This week, we wanted to discuss how PT may be able to help your infant with feeding difficulties. Recently we have been seeing and treating many infants with difficulties feeding, for example trouble latching, mouth tightness, and trouble getting enough milk! When you bring your new baby home from the hospital, there are so many things to learn and so many things your growing family is experiencing together, whether you are an experienced parent or new parent. If your little one seems to be having trouble feeding and becomes very fussy at meal times, you may start feeling very overwhelmed and exasperated, because all you want them to do is eat to grow big and strong!

A lot of times, babies who are experiencing feeding difficulties also have a lip and/or tongue tie, requiring releases. They also may seem uncomfortable in their bodies and seem fussy a lot of the time. It is often blamed on gas or colic, but there is often more to it. Many new parents are referred to a lactation specialist and/or speech therapist to help with their baby’s feeding difficulties and lip and tongue tie concerns. Both lactation specialists and speech therapists are amazing professionals to have on your team during this fussy, troublesome time. 

What you might not know is that a Pediatric Physical Therapist may be helpful as well, specifically a pediatric physical therapist trained in a special technique called Total Motion Release (aka TMR). This gentle technique helps PTs to look at the whole body of a child, no matter how small, to see if there are any asymmetries in their posture. These asymmetries in their posture are often left over from the infant’s specific positioning in utero.  They make it uncomfortable for your baby to be held in certain positions, which may affect them during feeding or otherwise. They can also contribute to tightness in your baby’s neck, jaw, and inside their mouth, which may affect their ability to feed, as you may be experiencing at home! Funny thing is, the muscles and other soft tissues of the body, specifically in the hips and the trunk, are MUCH BIGGER than the little muscles of the neck, jaw, tongue, and mouth. Because these soft tissues are bigger, they may be adding to the tightness your baby is already experiencing in their mouth, which may be increasing their difficulties with feeding.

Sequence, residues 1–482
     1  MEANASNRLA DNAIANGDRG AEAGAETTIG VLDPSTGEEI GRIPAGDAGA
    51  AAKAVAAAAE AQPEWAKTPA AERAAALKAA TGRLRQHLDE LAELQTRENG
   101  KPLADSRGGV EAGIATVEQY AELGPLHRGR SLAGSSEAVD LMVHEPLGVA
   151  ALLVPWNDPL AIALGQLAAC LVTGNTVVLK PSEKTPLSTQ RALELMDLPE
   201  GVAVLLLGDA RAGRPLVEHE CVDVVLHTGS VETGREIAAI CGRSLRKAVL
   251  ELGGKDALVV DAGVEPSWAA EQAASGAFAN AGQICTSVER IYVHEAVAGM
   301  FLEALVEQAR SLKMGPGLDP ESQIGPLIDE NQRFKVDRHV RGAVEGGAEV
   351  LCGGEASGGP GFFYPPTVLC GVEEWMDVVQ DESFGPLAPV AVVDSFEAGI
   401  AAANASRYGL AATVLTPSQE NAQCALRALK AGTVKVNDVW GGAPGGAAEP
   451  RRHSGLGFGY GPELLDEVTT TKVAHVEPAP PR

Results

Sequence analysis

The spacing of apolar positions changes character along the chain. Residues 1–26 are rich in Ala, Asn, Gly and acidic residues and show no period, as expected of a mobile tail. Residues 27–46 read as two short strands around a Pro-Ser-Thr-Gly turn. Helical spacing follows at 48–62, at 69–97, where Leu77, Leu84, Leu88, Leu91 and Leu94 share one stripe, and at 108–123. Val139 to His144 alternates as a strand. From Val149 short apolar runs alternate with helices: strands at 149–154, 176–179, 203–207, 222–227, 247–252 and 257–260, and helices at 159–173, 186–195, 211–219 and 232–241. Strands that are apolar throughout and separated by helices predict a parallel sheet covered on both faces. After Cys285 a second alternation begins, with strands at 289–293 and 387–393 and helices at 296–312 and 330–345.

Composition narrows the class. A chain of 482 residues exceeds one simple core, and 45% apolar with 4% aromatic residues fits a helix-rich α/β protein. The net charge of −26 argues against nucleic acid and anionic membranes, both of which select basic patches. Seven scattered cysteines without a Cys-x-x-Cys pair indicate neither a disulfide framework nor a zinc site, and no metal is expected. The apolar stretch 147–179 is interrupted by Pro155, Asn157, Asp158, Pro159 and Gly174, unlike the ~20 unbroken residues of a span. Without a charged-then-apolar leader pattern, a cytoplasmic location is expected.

If you are thinking this sounds like your little one, breathe a sigh of relief, because these asymmetries are easily worked out with simple and easy positioning techniques, especially if your baby is very little. Here at KidPT, we look at the whole body of your little one and use TMR to do this. Through our TMR lens, we look to see if your baby has any of these soft tissue asymmetries in his or her body. We can talk with your lactation specialist or speech therapist to see what their current concerns are, and as a team we can progress your baby toward ease of feeding, and an overall increase in comfort in their bodies, together! Parents often find that not only does the baby feed better, but they become calmer, happier and sleep better! If you are currently experiencing feeding difficulties with your newborn, and want an experienced pair of hands to see if asymmetries in your baby’s body may be contributing to this, come on in to KidPT for a free Discovery Visit with one of our Physical Therapists! We would love to help you and your little one with our no muss, no fuss approach! 

…It might be more than behavior and attention

By: Dr. Ali

Do you feel like your child never stops moving? Like they are here, there and everywhere, running in between destinations and fidgeting in their chair while eating a meal? Even if you have asked them to take a pause they seem to not listen, or be physically unable to follow the instructions you are giving to slow down, even if they are traditionally a very good listener? Being in constant motion can be related to certain diagnoses, like ADHD. ADHD often presents with additional signs and symptoms, like forgetfulness, difficulty staying on task, trouble listening while another is talking, excessive talking, unsafe and impulsive behavior, and/or trouble with turn taking. Regardless of whether your child has a diagnosis of ADHD or not, there may be another factor contributing to their need for constant motion.

That “thing” is something we PT’s call postural control. Postural control defined as the act of maintaining, achieving, or restoring a state of balance during any posture or activity (1). When someone has a very “fine tuned” postural system, their body, vestibular system (little balance center in the ears), and eyes are telling their brain where they are in space and what position their body has to hold. Then their brain sends signals to the muscles to hold that specific position. In order for all of this to work, the eyes, the vestibular system, and the body have to send accurate signals, the brain has to correctly process this information, and the body must be able to coordinate muscles on all sides to hold the position steady. Phew, even thinking about this long process can make someone tired!